April 8, 2017
… as Bhutan observes World Health Day
The increasing number of people suffering from depression in the country is a concern, health minister Tandin Wangchuk said during an event to observe World Health Day at the Yangchenphug Higher Secondary School in Thimphu, yesterday.
“This is evident from the increasing trend in persons availing health services for mental disorders that include depression,” Lyonpo said.
The highest number of depression cases is in the age group of 15 to 49 years in the country. The average death due to suicide stands at around seven per month, which comes to 84 suicide cases in 2016 alone.
Lyonpo said that depression affects people of all ages, from all walks of life, in all countries. But, it is preventable and curable.
There is nothing to be ashamed of being depressed, Lyonpo added. “Just like any other diseases, it is important for a person suffering from depression to get treated.”
Lyonpo urged people who feel sad and lose interest in activities that they normally enjoy and are not able to carry out daily activities, to talk to their friends, teachers or parents or anyone they are comfortable to talk to.
People can also seek help from health workers in Basic Health Units and hospitals or call the Health Help Centre toll free number 112.
Psychiatrist with the national referral hospital in Thimphu, Dr Chencho Dorji, said that the theme this year, ‘Depression: let’s talk,’ is pertinent and timely from the mental health perspective.
He said that depression causes a lot of suffering for the individual and family. It can impair functioning, compromise quality of life and even take life. “It is an important public health problem, one of the leading causes of disease burden and suicide in the world.”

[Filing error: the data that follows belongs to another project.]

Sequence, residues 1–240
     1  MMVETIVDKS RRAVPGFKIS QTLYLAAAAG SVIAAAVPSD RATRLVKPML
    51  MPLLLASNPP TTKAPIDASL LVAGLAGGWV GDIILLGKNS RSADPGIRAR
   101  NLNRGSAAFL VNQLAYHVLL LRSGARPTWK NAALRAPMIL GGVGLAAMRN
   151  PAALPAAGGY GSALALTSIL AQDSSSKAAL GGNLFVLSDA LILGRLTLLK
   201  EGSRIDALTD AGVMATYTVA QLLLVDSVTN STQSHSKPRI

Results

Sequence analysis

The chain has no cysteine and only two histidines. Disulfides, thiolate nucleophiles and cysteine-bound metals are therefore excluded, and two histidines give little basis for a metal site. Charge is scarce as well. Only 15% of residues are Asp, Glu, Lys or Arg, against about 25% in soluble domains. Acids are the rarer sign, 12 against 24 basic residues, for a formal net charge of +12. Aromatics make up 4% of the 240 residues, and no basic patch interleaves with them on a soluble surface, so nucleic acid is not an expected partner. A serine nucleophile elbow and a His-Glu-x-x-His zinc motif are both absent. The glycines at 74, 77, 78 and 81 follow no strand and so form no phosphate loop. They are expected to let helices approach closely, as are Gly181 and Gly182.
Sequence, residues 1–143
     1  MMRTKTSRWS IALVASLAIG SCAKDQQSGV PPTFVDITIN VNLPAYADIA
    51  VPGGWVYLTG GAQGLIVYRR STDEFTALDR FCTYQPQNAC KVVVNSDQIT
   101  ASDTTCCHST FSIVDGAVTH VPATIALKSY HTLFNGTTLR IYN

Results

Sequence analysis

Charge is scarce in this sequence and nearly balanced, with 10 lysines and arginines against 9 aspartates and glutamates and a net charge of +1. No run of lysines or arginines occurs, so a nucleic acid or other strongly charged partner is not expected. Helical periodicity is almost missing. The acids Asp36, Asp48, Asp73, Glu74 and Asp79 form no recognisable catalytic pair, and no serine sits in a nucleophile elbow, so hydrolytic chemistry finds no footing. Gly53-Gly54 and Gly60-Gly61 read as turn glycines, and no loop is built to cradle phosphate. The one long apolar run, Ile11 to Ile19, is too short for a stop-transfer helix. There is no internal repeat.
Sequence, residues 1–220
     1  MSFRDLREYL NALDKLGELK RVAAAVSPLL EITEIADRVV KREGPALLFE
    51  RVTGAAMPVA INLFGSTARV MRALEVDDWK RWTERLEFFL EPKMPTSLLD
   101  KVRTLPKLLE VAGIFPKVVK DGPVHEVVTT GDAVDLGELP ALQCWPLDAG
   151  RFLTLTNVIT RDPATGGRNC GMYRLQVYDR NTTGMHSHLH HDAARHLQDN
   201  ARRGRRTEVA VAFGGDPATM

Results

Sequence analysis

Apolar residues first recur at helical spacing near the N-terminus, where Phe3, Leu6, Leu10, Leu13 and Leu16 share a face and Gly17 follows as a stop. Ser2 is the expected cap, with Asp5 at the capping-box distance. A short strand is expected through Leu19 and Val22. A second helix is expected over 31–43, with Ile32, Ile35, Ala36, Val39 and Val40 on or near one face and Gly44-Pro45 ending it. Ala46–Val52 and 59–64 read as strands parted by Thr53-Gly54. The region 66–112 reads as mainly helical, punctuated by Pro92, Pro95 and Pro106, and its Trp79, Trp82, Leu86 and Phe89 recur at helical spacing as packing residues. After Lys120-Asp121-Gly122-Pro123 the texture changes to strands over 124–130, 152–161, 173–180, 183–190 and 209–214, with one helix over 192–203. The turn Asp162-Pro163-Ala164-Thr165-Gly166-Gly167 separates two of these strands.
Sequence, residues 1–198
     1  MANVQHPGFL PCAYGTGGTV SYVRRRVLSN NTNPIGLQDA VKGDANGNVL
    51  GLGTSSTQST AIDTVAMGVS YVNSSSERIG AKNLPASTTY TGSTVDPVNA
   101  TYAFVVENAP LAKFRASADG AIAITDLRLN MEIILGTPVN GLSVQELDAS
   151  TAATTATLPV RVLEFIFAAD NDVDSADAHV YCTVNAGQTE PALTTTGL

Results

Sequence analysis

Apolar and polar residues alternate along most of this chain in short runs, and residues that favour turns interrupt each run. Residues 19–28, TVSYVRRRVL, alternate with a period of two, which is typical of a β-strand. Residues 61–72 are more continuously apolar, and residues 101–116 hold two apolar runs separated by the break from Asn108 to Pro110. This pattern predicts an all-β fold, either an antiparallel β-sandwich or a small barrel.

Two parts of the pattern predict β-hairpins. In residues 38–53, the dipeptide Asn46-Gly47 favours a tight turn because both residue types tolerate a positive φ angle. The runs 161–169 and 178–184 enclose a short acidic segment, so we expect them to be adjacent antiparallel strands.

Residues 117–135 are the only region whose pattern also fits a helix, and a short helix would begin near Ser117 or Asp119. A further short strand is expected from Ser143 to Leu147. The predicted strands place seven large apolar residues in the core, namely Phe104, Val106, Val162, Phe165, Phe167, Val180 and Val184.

He pointed out that depression had remained a silent and little known subject in our society for so long but not anymore.
“We can no longer ignore or avoid this deadly disease,” he said. “So let’s start talking and discussing how best we can address this growing menace in our society.”
Just as depression can be prevented and treated, so is suicide, he added. “If we can take proper care of people with depression, a lot of suicides can be prevented. Suicide does not happen just by chance.”
He said that a suicidal person would have spent a lot of time agonizing about his fate. Just by talking or encouraging the person to speak about his problems can relieve a lot of their burden.
“We need to encourage depressed people to come out of their dark shadows and talk. Only then, we can provide them the necessary help they need,” he said.
He said that the current situation of depression in Bhutan is alarming for a variety of reasons.
One reason could be a huge gap in the number of people living with depression and those receiving treatment in the country.
According to WHO estimates, Bhutan should have about 20,000 people living with depression in the past year while only about 1,000 people sought treatment in hospitals. Which means only 5 percent of the people suffering from depression received treatment.
“This big gap may also be contributing to the high suicide rate in the country,” he said.